Educational Transformation by Educators

Many schools and teachers are currently stuck in a confusing gap between the traditional classroom and the new technological classroom. Educators are seeing edtech trend the need for change in schools because technology is a part of the newest generation

 of students’ daily lives. In order to give students the education they deserve, we must find a way to teach with the available tools that make it easiest for them to learn.

More and more teachers are discovering that the way to break through to their students is technology.

Our district has seen technology work in the classroom, but we still have students in our intervention program who struggle. Working directly with the intervention program, I knew we needed to find a way to get technology to work for these students as well.

The intervention problem

I teach math and reading for grades 5-8, and work mostly with intervention students who struggle in their main class and need to be pulled out for supplemental instruction. In 2010, Fleetwood Area School District (Pa.), had 35 percent of 5th-8th graders below basic in math, and 44 percent below basic in reading. These numbers meant we needed to find a new way to reach students, and I knew technology was the best way to go. Intervention students needed a program that could be used during class-time for group instruction, and during one-on-one sessions for differentiated instruction. Teaching multiple age levels, with varying core instruction needs, and mixed levels of proficiency, I needed a solution that was flexible and proven.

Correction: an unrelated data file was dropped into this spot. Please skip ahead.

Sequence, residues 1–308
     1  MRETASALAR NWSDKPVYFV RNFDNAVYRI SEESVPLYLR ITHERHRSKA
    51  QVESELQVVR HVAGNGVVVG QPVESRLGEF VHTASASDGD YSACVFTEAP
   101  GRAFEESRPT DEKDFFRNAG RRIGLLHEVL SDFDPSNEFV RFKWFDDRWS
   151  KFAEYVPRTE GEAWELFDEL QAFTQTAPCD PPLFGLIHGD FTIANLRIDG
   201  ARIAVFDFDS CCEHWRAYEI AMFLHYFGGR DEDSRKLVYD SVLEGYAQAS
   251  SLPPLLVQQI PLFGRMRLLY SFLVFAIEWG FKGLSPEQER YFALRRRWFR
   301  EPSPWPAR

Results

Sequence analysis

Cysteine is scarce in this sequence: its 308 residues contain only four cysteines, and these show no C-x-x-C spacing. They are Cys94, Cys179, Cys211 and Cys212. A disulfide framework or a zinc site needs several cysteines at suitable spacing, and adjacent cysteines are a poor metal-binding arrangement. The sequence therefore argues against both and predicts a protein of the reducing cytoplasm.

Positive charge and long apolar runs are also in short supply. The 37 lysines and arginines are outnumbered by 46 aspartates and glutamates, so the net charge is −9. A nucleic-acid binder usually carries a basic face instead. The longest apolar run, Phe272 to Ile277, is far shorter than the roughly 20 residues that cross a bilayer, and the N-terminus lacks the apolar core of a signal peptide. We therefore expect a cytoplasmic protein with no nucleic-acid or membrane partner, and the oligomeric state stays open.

Introducing technology to intervention

I thoroughly researched all of our options and asked other teachers about their thoughts on technology in the classroom. Many shared the concern that technology in the classroom would replace the teacher and create a less personal learning experience for the students. The way we were taught years ago, is not the same way students who are now “digital natives” learn. I wanted a solution that would support the efforts of our great teachers and help students succeed. After taking all of these requirements into consideration, I settled on three major ways to incorporate technology in the classroom: mobile surveys, videos, and Study Island, a web-based instruction, practice, and learning program.

Since students love being able to use their mobile phones during the day, surveys are a fun and engaging way to incorporate this application. I ask students to text in answers to their math classwork. This allows me to see if the class as a whole comprehends the lessons, and it engages students through a technology with which they are familiar.

We also use iPods to learn math equations. We made a music video parody, replacing lyrics to a popular pop song with math equations. Students recalled the equations much more quickly when the next test rolled around. The students love being able to have more control over how they learn. Further, we use Study Island, a web-based program built directly from the Pennsylvania Assessment Anchors and Common Core State Standards. I took time to learn the program by working through all of the teacher support tools, benchmarking functionality, reporting features, and parent messaging system.


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